Today’s Word from Pastor Tom Kidd…

Even non-golfers recognize the name St. Andrews – the place, not the person. St. Andrews is a beautiful and historical city in Fife, Scotland. I have been blessed to visit this beautiful university city. Situated on public ground sits the holy grail of golf courses, St. Andrews, The Old Course. This site is given the moniker of the birthplace of golf and dates back at least to the early to mid-1400s. We know this to be the case because James II of Scotland banned the game in 1457 because he was convinced young men were giving too much time to this idle distraction rather than practicing archery (how medieval). The ban was lifted in 1502 when James IV himself decided the weight of leadership deserved the sweet swing of a hickory club (how enlightened).

I had a Bishop once who was convinced the lower the handicap of one of his pastoral shepherds the poorer the preacher. Hmmm…

Anyway, back to St. Andrews and the game of golf. The most historical and prestigious golf tournament every year is The Open. Not the British Open (vis a vis, The U.S. Open, or The Australian Open) just, The Open. It was the first major championship, and every year the golfing world pays rapt attention as to who will hoist the Claret Jug. With few exceptions it is played among a rota of courses in Scotland. It was in 1873 that The Links of St. Andrews first hosted The Open.

Who won?

Tom Kidd. Yep, look it up. A golf professional from Wales, a Welshman, Tom Kidd. That’s me, woo-hoo!! It’s like I’m related to nobility! Well… not directly anyway. We know my father was of Welsh heritage but that’s about as close as we can get. Dad was a tobacco sharecropper’s son. These were dirt poor people, and we have not had a great deal of luck tracing back the family lineage beyond a couple of generations. At least for conversation’s sake, I get to playfully claim an Open winner as a relative. Really now, how many Tom Kidds could there possibly be anyway? (BTW, in the early age of golf there was little that was considered glorious about being a golf professional. They were principally known for fashioning clubs and making primitive golf balls.)

Read the first chapter of Matthew lately? Literally 42 generations of “who begat who” covering somewhere between 1,600 and 2,000 years. Quite a family genealogy. Most of us do not find Matthew 1:1-17 a particularly uplifting devotional read. Some names we recognize, most we don’t. (I believe one of them, Zadok, is a comic book character. Different Zadok than the Biblical Zadok.)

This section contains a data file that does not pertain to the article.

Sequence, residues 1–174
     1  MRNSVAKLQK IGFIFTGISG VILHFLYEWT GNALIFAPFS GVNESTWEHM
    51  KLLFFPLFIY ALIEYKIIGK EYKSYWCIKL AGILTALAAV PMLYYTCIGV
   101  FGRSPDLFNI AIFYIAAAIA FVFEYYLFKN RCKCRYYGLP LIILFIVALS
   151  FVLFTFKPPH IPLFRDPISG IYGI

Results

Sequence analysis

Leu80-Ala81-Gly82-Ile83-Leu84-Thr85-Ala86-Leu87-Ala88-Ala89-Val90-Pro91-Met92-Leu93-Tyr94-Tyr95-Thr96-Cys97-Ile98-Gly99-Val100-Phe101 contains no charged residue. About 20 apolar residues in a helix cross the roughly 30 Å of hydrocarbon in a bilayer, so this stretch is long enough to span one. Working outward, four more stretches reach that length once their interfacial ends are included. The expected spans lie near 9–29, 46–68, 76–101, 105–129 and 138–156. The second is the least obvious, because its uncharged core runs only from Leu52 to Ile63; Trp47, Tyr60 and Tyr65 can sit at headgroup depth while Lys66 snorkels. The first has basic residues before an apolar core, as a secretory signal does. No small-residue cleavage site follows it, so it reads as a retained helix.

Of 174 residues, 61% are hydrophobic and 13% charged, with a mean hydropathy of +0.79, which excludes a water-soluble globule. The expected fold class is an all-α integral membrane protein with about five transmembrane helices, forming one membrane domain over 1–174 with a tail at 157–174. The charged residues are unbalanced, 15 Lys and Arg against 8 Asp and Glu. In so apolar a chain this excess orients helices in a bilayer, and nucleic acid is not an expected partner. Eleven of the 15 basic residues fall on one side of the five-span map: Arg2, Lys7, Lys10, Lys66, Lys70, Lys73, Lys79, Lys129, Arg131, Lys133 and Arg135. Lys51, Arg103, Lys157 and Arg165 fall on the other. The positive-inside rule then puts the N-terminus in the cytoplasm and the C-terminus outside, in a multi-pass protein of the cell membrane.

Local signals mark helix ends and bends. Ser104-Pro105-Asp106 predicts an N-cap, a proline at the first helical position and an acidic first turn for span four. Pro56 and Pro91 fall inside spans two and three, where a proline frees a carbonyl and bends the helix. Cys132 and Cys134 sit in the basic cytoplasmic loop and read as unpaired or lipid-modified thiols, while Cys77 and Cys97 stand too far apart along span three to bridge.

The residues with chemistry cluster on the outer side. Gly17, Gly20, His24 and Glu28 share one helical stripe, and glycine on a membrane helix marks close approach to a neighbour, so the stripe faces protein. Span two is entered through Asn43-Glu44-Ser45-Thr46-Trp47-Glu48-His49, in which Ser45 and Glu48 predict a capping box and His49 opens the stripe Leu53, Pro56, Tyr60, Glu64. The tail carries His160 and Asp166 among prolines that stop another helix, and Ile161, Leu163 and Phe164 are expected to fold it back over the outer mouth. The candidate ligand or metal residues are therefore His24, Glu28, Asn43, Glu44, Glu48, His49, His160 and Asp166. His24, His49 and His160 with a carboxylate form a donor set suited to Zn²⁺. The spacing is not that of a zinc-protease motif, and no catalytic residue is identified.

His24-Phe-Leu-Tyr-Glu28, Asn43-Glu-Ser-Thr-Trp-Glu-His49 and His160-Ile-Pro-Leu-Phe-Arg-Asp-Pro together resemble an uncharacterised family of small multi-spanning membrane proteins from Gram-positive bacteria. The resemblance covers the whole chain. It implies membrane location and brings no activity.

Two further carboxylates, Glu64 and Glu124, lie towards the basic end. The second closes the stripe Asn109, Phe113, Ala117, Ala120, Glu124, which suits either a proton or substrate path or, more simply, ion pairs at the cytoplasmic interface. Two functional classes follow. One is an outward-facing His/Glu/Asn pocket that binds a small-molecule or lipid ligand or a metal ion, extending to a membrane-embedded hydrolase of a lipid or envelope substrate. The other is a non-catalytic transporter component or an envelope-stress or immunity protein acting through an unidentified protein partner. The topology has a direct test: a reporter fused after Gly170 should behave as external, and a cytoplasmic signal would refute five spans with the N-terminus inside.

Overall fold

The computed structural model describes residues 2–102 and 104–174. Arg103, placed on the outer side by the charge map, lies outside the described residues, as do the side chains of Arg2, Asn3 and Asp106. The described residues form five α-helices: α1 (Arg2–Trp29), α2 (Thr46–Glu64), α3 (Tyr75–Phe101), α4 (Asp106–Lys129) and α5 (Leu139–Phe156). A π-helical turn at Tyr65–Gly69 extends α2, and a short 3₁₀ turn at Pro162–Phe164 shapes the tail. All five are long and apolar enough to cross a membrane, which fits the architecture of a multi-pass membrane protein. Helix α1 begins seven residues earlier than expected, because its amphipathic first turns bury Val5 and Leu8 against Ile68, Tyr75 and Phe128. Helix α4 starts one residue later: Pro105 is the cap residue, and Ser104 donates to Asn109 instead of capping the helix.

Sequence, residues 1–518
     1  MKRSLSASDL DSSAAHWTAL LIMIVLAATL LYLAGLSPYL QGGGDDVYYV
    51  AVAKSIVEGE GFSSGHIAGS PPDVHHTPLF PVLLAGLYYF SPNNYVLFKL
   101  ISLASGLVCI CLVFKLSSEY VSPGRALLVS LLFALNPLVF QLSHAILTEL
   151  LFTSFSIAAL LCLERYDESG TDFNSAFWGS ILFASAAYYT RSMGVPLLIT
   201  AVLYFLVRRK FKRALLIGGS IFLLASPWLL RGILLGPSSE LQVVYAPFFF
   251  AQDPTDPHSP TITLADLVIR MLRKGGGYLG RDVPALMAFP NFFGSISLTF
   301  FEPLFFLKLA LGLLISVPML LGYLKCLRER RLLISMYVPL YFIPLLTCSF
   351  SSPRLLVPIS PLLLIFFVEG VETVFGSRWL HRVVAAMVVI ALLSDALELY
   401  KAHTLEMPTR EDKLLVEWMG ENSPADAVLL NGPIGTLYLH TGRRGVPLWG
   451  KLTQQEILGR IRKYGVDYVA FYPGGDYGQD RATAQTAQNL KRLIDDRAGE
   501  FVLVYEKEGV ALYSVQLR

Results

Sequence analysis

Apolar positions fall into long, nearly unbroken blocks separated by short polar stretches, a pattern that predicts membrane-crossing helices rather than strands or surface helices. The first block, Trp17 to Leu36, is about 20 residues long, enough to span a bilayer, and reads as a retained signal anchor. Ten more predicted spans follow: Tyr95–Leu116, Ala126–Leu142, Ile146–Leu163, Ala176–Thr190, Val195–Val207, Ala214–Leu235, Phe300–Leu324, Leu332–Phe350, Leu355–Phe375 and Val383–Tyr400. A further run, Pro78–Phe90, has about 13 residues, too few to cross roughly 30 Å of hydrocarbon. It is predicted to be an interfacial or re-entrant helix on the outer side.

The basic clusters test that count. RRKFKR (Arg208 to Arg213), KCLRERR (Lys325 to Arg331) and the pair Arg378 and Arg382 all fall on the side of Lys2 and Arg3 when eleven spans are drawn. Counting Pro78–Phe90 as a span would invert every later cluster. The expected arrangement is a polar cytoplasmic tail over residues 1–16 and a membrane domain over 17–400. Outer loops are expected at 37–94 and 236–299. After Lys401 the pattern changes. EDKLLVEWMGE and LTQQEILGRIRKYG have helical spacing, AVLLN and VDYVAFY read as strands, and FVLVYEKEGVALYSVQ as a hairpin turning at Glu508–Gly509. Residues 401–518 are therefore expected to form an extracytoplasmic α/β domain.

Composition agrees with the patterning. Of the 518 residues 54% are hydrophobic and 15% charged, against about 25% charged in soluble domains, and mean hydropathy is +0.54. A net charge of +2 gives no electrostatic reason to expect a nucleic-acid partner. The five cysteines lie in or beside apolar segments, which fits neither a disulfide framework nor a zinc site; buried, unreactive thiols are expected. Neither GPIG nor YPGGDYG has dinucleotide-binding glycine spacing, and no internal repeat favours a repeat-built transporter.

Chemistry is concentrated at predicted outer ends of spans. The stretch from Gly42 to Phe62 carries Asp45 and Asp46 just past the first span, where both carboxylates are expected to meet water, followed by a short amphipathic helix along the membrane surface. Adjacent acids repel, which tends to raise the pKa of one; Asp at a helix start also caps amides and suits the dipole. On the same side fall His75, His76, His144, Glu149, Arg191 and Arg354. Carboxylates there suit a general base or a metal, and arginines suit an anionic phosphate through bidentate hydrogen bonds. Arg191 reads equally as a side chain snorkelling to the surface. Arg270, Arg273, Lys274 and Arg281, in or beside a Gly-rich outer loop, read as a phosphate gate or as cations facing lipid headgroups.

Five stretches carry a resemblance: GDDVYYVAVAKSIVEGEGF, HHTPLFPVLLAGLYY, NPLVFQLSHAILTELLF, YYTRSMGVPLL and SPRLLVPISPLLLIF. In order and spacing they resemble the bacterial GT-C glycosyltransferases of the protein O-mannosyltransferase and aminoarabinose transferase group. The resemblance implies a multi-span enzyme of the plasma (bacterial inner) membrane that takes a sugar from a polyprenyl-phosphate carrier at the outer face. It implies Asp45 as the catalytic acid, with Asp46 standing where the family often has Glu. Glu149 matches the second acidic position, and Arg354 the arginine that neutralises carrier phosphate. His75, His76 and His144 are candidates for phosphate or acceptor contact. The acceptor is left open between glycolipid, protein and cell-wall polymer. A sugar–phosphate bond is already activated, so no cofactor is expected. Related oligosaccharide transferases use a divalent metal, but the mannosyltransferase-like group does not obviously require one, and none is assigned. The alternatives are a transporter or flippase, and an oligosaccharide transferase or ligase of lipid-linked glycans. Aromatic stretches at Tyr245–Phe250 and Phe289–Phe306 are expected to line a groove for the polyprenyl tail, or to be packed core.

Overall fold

For the sake of conversation, let’s say you and I have a very peculiar 2,000-year-old family story. Ours is the story of God who was quite willing to work through our family which includes some very humbly flawed, if not outright disgusting, people. From stories of seduction, murder, self-serving political plots, to child sacrifice. We also have a few of the God-loving, faithful servants in our family story as well. There’s lots more, but you get the idea. Amidst those who humbly sought a righteous life of nobility and faithful acts are generations of faithless power mongering and sinful acts. So it goes with Matthew’s genealogy. What’s the constant through it all? The good and the bad? God. God will not be denied. God’s Word endures. That’s always our hope and strength, isn’t it?

Isaiah 55:11-12: “… so is my word that goes out from my mouth: It will not return to me empty, but will accomplish what I desire and achieve the purpose for which I sent it.”

Jesus is the living Word and “… we will go out in joy and be led forth in peace.”

The world and the church are changing. Pandemic aside, the drama of change can be highly anxiety-inducing. Not every generation “begets” the best of God’s call or the noblest of behavior. Yet, God made a commitment to us in Jesus and ultimately it is Jesus we trust. The story continues because it is God’s will to bless us and God will not be denied.

John 14:3: “And if I go and prepare a place for you, I will come again and will take you to myself, so that where I am, there you may be also.”

Notwithstanding a Welsh golfer with the same name, I do not have anyone famous in my family story. Except Jesus. That’s good by me.

Stay well and be safe, hope to see you soon,
Pastor Tom